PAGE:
Along the south coast of Victoria, Australia near Inverloch, the Croft house by James Stockwell forms a protected garden from which peripheral vision of the sea and sky is permitted by tapered facades. The design process adopts the 1950s modernist philosophy of “plastic integrity” as well as the concept of architecture as a field of energies and flows. The form of the house distorts mathematical and structural curves to achieve the interior purpose. The adopted geometry and composition of three sine curves means details are achievable with two dimensional radii.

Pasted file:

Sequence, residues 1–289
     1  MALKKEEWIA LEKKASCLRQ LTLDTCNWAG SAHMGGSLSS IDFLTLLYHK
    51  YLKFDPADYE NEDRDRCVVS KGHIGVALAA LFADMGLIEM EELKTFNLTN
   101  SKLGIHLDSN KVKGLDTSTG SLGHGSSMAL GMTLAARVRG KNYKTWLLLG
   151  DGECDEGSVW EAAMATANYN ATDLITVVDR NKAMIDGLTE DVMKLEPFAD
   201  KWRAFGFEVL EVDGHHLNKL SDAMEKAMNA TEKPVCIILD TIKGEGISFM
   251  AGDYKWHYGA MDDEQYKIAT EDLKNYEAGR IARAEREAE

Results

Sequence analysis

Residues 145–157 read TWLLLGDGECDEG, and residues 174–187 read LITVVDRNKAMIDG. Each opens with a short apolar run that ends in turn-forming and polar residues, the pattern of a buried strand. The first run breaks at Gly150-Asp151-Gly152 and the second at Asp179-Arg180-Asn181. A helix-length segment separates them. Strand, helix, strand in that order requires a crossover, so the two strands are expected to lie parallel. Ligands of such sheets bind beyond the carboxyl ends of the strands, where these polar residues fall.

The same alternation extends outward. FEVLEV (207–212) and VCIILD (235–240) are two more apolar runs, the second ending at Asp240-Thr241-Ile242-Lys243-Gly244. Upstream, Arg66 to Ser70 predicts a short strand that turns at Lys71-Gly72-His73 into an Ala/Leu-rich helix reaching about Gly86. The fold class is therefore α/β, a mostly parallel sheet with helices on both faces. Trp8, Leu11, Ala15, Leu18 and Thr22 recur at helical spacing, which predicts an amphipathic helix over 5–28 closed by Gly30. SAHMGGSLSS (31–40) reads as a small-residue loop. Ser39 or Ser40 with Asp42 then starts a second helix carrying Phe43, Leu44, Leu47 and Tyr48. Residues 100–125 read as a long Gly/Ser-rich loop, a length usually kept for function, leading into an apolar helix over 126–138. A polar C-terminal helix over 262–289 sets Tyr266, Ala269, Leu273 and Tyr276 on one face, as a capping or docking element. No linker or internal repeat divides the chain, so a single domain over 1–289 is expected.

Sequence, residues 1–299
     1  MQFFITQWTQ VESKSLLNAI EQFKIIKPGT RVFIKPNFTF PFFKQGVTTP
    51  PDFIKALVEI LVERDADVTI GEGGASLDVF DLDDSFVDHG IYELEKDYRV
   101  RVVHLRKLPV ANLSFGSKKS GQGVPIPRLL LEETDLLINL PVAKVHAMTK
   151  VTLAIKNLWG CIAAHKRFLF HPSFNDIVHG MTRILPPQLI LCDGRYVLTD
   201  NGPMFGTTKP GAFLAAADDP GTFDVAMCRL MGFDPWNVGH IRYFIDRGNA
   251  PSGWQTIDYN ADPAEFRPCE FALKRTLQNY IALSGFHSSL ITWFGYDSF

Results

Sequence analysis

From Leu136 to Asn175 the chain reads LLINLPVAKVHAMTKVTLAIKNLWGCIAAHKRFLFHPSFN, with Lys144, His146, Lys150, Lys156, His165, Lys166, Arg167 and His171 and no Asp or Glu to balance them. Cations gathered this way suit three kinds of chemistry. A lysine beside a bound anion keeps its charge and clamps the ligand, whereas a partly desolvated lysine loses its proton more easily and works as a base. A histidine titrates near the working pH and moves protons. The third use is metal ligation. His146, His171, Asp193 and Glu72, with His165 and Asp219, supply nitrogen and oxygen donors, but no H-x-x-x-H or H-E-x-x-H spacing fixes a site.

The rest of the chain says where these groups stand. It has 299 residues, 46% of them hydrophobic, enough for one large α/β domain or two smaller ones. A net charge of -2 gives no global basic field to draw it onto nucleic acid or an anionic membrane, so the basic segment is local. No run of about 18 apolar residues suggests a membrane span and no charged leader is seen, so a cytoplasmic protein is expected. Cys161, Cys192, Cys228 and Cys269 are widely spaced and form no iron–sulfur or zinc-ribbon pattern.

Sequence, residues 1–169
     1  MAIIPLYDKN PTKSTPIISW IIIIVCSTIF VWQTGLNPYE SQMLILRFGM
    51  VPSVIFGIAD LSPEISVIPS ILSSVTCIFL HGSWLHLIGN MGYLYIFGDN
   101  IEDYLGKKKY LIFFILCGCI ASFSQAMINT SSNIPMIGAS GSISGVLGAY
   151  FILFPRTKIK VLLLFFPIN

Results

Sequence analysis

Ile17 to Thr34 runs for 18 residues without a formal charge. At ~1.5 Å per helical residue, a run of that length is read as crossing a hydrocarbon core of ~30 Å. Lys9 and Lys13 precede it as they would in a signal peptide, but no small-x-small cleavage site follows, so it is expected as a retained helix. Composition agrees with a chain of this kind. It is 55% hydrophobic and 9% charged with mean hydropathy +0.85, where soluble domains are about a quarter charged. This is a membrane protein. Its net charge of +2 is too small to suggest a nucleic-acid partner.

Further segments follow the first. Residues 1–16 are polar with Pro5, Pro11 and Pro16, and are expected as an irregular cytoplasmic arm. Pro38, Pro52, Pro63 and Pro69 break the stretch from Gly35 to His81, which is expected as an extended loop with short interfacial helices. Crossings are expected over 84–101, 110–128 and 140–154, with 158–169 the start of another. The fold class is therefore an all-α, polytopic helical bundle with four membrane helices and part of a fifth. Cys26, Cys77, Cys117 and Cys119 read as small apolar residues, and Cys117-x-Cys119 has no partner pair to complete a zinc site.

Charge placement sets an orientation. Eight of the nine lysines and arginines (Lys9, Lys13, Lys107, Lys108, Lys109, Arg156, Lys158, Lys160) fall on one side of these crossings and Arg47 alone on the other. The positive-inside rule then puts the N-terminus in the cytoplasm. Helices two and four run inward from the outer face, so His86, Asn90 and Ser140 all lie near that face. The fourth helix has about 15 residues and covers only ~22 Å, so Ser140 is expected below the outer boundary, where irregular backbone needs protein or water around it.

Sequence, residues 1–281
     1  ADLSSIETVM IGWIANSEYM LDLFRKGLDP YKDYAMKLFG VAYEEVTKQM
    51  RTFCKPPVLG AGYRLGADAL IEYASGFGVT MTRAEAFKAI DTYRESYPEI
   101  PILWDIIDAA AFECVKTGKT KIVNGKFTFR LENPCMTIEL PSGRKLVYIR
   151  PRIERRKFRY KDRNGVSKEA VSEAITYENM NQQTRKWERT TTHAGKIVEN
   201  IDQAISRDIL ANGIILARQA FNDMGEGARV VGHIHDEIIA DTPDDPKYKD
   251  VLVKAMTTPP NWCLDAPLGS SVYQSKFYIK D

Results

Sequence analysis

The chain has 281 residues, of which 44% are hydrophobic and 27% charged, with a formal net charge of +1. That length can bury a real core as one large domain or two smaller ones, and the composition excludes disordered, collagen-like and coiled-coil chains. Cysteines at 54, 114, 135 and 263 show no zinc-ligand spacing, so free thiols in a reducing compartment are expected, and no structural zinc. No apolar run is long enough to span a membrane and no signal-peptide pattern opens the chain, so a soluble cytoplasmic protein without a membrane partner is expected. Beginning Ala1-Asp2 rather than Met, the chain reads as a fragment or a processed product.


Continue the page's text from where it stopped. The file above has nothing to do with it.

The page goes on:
Both concave and convex roof surfaces are two dimensional planes and constructed from conventional battens and rafters and corrugated metal. The small material pallet of grey metal and concrete blends with the muted shale geology. The protective exterior is warmed internally by compressed sand thermal mass walls as a fragment of distant sand dunes. The interior structure and joinery is of Vic ash timber and wet areas in bluestone, all Victorian supplied.